Rick Steves - ACLU Joins Forces for Pot Law Reform

Submitted by SadInAmerica on Fri, 02/15/2008 - 6:17pm.

Travel guru Rick Steves wants America to take a cue from Europe and start talking seriously about marijuana.

Too many lives, according to Steves, are ruined by criminal penalties associated with pot possession, and too much law enforcement and too many court resources are tied up focusing on cannabis as a legal problem instead of a health issue.

Steves, who built his Edmonds travel business into a nationally known television show with travel books and tours, is now taking his marijuana message to the masses, too.

Wednesday, together with the American Civil Liberties Union of Washington, Steves introduced a half-hour infomercial-style program he hosts called "Marijuana: It's Time for a Conversation." The program is available on Comcast on Demand, and promoters hope it will soon debut on local television stations.

Steves is a board member for the National Organization for the Reform of Marijuana Laws and has spoken openly in support of decriminalizing marijuana for five years, including during Seattle's annual Hempfest.

"Our government's war on drugs sounds very tough and results-driven, but all it really succeeds at is being enormously expensive, tearing families apart and treating nonconformists as criminals," said Steves. He compared marijuana laws to alcohol prohibition in the 1920s and urged differentiating between soft and hard drugs.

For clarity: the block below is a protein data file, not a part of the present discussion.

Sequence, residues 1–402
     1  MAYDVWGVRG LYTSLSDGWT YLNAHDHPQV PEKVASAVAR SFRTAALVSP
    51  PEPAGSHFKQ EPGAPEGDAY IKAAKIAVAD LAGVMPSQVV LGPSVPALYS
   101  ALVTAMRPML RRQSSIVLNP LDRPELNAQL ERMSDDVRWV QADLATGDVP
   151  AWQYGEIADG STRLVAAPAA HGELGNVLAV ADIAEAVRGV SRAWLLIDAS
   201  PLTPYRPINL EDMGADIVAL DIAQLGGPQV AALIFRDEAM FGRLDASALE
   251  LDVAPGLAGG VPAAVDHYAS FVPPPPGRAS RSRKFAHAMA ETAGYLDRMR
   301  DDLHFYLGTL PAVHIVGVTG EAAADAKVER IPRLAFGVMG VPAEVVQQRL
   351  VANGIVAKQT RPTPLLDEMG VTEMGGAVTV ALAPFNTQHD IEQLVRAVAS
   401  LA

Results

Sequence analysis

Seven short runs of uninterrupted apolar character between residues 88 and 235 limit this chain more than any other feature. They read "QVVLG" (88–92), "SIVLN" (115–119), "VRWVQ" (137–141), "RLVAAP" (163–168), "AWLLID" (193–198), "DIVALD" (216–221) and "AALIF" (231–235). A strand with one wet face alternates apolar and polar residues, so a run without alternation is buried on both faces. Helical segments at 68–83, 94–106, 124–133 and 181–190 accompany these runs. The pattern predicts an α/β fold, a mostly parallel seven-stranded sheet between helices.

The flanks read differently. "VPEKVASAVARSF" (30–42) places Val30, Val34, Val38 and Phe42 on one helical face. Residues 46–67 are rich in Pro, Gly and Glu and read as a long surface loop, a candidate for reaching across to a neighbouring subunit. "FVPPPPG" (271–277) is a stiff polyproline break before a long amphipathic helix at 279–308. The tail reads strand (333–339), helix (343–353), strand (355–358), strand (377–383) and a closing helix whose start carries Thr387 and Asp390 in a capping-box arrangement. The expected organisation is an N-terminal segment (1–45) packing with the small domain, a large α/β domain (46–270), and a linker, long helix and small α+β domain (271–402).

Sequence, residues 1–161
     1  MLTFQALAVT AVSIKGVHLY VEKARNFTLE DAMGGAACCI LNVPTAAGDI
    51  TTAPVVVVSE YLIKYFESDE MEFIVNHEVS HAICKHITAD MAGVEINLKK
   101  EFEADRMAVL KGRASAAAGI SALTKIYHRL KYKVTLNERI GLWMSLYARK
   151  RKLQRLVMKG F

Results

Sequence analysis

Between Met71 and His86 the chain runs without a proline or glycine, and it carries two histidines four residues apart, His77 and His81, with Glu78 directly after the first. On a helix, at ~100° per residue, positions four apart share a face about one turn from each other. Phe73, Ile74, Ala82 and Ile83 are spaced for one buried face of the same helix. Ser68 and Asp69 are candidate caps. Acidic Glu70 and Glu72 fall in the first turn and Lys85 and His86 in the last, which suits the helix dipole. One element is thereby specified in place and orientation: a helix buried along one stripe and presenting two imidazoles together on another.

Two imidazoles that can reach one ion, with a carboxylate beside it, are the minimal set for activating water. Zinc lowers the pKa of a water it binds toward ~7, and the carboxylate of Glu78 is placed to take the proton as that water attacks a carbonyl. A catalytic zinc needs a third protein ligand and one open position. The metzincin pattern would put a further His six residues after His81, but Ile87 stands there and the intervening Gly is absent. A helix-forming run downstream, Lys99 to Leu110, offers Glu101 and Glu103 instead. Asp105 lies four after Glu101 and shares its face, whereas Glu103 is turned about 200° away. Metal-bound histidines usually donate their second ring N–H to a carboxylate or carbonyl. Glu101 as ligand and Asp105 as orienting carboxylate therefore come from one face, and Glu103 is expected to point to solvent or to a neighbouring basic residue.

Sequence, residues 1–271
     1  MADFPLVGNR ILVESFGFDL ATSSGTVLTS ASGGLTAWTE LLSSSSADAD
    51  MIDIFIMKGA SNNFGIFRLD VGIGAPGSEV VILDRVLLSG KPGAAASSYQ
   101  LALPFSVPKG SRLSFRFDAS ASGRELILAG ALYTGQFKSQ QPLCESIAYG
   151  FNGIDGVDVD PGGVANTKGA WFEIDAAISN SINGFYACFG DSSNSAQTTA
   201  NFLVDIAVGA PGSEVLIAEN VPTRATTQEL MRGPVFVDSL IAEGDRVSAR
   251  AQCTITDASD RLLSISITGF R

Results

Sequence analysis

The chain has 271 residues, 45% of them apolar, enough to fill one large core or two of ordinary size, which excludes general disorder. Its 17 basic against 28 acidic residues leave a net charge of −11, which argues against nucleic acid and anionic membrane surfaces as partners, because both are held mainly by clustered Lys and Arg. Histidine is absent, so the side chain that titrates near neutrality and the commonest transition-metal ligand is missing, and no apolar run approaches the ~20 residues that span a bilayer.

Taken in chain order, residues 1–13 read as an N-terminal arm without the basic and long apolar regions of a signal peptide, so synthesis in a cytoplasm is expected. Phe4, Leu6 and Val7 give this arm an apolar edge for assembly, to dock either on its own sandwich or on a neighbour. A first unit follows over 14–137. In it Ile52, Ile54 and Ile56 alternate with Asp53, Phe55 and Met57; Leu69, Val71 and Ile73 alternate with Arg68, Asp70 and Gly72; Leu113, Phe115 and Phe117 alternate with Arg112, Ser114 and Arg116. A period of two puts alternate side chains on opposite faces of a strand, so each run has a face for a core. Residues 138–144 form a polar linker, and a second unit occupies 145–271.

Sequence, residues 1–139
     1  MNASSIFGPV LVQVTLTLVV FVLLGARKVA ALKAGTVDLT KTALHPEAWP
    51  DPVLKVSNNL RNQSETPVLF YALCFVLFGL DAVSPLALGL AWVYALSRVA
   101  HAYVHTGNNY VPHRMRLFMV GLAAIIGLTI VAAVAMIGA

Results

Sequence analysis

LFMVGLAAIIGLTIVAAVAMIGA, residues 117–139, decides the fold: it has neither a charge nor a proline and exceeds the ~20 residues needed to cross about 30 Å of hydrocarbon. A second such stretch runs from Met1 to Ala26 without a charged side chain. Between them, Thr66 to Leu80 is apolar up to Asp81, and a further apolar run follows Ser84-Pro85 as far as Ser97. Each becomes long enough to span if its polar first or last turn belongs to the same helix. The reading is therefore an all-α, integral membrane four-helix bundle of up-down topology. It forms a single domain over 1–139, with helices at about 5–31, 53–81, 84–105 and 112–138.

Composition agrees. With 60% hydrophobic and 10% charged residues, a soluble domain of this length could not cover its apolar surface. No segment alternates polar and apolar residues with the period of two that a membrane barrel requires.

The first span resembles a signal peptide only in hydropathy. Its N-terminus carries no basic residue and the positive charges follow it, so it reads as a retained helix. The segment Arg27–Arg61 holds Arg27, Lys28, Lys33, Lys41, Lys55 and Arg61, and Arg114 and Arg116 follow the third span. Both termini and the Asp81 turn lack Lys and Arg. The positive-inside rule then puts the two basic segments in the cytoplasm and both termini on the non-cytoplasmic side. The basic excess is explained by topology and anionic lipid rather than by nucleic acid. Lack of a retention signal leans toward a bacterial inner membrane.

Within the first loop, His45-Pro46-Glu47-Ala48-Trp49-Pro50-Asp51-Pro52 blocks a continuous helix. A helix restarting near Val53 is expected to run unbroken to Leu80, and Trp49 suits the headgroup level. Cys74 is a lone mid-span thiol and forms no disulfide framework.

The campaign kicks off in the Puget Sound area, where Steves and the ACLU expect it will find a receptive audience. In 2003, Seattle voters overwhelmingly supported an initiative that made arrests and prosecution for personal marijuana use the lowest law enforcement priority.

"Washington state has a strong history of being on the leading edge of this issue, it is a good testing ground for the campaign," said Alison Chinn Holcomb, director of the Marijuana Education Project for the Washington ACLU.

Nationally, $7.5 billion is spent annually for marijuana law enforcement, with 830,000 arrested each year, according to ACLU research. In Washington, marijuana possession is a misdemeanor and carries a minimum sentence of one day in jail, and a $250 fine for the first offense.

"Is it fair to impose these penalties on adults who want to use marijuana in the privacy of their homes?" Steves asked. "In Europe, people smoke marijuana, and nobody is facing hard time. We just want to talk about new policies."

  

by Kathy Mulady -  P-I reporter - February 13, 2008 posted at http://seattlepi.nwsource.com

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Submitted by SadInAmerica on Fri, 02/15/2008 - 6:17pm.